Every single litre counts. The wholesale market would add £0.15 so no market for it. There is a restaurant market and it is part of something that they can believe in.
Our farm has hand milking, pasture fed, impregnation with a bull. The lactations run for 2 to 4 years. We have one cow that is giving milk without having a calf. We want sustainable growth. 70% of the cows are not producing milk. Each cow giving 4 – 8 litres per day over its lactation. We are currently breeding 2 cows per year to balance the herd. There are 4.5 non milkers with every milker.
We have created our own village. The more you can deliver to your base the better. Now we have milk, then there will be milk products, honey, vegetables etc.. The ahimsa membership are waiting for what we produce. Selfridges wanted our cheese but we decided against it. So far we have delivered 140,000 litres of milk. It is sustainable demand led growth. Our herd was originally montbeliarde and Swedish red now we are moving towards brown swiss type 2 milk.
Oxen have been trained. The whole herd is important parts of the project. Animals are happier when they are used. For the farm we are building we want to be off the grid and use the oxen on treadmills.
We want to collaborate with other projects. They could lease our cows and that way not take a risk. We would take them back. This will help to grow the operation.
The biggest risk is retirement. We must take care of the cows for the full life cycle. We are growing slowly. Key principles are localized and deliverable. Demand driven is better than supply driven.
Feasibility Study for Goshala at Karuna Bhavan.
An outline of Karuna Bhavan was given to the conference who were then asked to discuss some steps forward for a goshala in Karuna Bhavan. The following figures gave something to consider as part of the discussions and proposals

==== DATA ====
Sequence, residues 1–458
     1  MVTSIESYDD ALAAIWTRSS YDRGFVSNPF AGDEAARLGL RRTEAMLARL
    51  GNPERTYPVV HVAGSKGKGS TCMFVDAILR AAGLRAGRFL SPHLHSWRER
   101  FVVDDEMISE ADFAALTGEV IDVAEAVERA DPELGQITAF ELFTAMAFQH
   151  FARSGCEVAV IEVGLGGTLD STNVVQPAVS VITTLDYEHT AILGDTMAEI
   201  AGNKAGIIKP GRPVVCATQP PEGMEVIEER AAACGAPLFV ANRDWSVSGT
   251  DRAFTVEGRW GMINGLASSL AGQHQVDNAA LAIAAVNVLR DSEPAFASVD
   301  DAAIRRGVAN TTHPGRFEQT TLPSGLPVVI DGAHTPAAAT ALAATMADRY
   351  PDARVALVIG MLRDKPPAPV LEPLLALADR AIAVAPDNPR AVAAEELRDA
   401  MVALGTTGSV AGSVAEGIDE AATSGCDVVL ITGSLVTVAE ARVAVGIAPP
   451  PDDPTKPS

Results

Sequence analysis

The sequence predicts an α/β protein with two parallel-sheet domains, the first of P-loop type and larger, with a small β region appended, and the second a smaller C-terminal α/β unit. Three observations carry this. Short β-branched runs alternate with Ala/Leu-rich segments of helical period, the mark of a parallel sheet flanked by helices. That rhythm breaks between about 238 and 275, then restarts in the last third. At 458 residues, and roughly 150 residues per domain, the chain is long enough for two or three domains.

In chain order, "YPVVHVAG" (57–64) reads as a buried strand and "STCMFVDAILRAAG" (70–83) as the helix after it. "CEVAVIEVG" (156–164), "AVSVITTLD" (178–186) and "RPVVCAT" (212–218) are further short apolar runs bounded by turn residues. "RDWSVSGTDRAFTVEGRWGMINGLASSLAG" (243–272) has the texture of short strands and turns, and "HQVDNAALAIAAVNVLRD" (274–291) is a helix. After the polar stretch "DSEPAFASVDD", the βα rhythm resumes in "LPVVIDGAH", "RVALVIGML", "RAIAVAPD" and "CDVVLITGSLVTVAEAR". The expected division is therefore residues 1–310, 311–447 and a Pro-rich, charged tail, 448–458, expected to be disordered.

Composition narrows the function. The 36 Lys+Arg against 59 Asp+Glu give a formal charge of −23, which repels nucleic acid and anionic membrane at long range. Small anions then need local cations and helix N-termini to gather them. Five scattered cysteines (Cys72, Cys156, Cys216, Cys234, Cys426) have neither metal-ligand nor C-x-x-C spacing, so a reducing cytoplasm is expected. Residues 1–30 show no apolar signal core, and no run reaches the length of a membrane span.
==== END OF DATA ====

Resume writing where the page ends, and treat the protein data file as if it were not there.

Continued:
One calf a year will enable cows to give 10,000 litres per year. This was broken down as 5,000 litres for the first year, 3,000 litres for the second year of lactation, 1500 litres for the third year and 500 litres for the fourth year.
Cows live on average 16.25 years (18 years is the average age a cow will pass on if you don’t take into account calf mortality and accidents).
Karuna Bhavan has 6 acres of pasture and grass and the management has previously said they would be able to get additional land.
The community need between 4 to 10 litres per day 1460 to 3650 litres per year
Estimate labour costs as £10 per hour
Some of the comments from the group were as follows:
Would need about 1 or 2 people for the care of the cows (in discussion later this was corrected to a need for 3 persons – one person as main milker, second person to cover other days in week and a third person in the wings to cover for sickness and holidays). The work time for a small herd would not be a full day and so a suggestion was that the milker could also help with marketing the rest of the time. One of the ways of supporting the goshala could be from subscriptions.
There is an empty barn already at Karuna Bhavan (during the tours it was also pointed out that the walled garden could also be a potential place for a goshala). The goshala would need to have a population plan to ensure there is proper consideration for land etc… Once there was a plan people would support the goshala
Some suggested that the traditional Highland cow might be a suitable breed for Karuna Bhavan – some thought it was not milky enough for a dairy plan. Some of the groups went into more detail about a business plan and were estimating how much the community needed and how much surplus milk was available for sale. They also went on to budget for buying additional land.
A suggestion was to get two heifers because they are easy for hand milking. There would also need to be a preparation room for the milk which must be either heated (pasteurised) and then chilled or chilled down to 6 degrees.
Budgeting should be projected for years 1,2, 3, 5, 10 and 15.
Males would need castrating at 7 months to avoid any unwanted pregnancies. There would need to be provision for oxen. 3 year heifers can be impregnated (they can be impregnated earlier at about 1.5 years old – this was a comment from the participants). There would need to be a plan about how to impregnate. If having their own bull was the plan they would eventually need two or even three bulls to keep the blood lines spread.
The community would be interested in donating for a cow. A Gosevak scheme would ask for £2 per day to maintain a cow. There would have to be consideration how the cows can interact with people taking into account any health and safety issues with people getting close to the cows.